Men of quality have wisely contrived, that their sins should be expensive: for which reason those, who with equal taste have less money, are obliged to be economists in their sins, and are put to many little shifts to appear tolerably profligate and debauched. They get a knowledge of the names and faces of the most noted women upon town, and pretend an intimate acquaintance with them; though they know none of that order of ladies above the draggle-tailed prostitutes who walk the Strand. They talk very familiarly of the Kings-arms, and are in raptures with Mrs. Allan's claret; though they always dine snugly at a chop-house,and spend their evening at an ale-house or cyder-cellar. The most ridiculous character I know of this sort is a young fellow, the son of a rich tobacconist in the city, who (because it is the fashion) has taken a girl into keeping. He knows the world better than to set her up a chariot, or let her have money at her own disposal. He regulates her expences with the nicest economy, employs every morning in setting down what is laid out upon her, and very seriously takes an account of rolls and butter, two-pence....for ribband, one shilling and four pence ....pins, an half-penny, &c. &c. Thus does he reconcile his extravagance and frugality to each other; and is as penurious and exact as an usurer, that he may be as genteel and wicked as a lord.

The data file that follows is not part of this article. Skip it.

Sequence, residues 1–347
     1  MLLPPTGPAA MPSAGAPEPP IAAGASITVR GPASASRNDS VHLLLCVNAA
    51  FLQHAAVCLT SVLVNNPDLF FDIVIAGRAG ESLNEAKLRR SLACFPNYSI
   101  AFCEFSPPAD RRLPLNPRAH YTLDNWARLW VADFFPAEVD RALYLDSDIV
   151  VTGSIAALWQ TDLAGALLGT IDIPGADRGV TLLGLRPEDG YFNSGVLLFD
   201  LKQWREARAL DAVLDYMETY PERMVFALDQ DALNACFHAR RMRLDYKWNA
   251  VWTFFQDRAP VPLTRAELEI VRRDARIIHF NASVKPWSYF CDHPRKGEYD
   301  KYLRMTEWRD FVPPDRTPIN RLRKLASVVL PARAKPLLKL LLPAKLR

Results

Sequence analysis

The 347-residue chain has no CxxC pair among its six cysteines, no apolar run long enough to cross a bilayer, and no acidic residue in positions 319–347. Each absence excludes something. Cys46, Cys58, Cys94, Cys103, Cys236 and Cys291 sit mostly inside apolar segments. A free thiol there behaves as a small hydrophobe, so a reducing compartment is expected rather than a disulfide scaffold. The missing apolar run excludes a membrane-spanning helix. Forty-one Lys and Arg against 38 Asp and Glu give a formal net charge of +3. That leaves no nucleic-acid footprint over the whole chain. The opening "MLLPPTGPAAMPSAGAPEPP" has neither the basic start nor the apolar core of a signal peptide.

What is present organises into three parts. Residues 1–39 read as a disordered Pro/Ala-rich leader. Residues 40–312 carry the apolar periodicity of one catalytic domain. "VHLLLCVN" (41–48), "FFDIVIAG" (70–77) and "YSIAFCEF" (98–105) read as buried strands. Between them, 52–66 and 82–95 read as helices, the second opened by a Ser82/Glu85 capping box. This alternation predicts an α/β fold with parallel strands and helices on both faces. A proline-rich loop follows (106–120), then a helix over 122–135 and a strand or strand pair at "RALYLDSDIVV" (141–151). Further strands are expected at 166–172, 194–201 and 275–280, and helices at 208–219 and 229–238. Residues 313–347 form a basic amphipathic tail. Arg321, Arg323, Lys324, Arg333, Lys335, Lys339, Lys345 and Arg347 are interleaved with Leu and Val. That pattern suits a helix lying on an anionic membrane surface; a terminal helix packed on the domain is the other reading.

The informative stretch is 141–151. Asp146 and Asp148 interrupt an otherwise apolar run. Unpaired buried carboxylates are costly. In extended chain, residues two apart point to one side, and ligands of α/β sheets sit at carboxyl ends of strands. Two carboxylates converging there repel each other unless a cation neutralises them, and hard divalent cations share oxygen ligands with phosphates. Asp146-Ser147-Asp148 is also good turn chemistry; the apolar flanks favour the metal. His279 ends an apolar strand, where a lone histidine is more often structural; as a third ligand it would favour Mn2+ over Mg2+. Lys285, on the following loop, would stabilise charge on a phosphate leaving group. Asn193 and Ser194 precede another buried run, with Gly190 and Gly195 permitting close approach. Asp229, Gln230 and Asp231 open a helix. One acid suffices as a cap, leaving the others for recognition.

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A GENTLEMAN of my acquaintance lately laid before me an estimate of the consumption of bread and cheese, cakes, ale, &c. in all the little towns near London every Sunday. It is incredible how many thousand buns are devoured in that one day at Chelsea and Paddington, and how much beer is swallowed at Islington and Mile-End. Upon the whole I was vastly entertained with a review of this estimate; and could not help approving the observation of Tom Brown," that the Sabbath is a very fine institution, since the very breaking it is the support of half the villages about our metropolis."

Our common people are very observant of that part of the commandment, which enjoins them to do no manner of work on that day; and which they also seem to understand as a licence to devote it to pleasure. They take this opportunity of thrusting their heads into the pillory at Georgia, being sworn at Highgate, and rolling down Flamstead Hill, in the park at Greenwich. As they all aim at going into the country, nothing can be a greater misfortune to the meaner part of the inhabitants of London and Westminster, than a rainy Sunday; and how many honest people would be baulked of a ride once a week, if the legislature was to limit the hired one-horse chaises working on that day to a certain number, as well as the hackney coaches?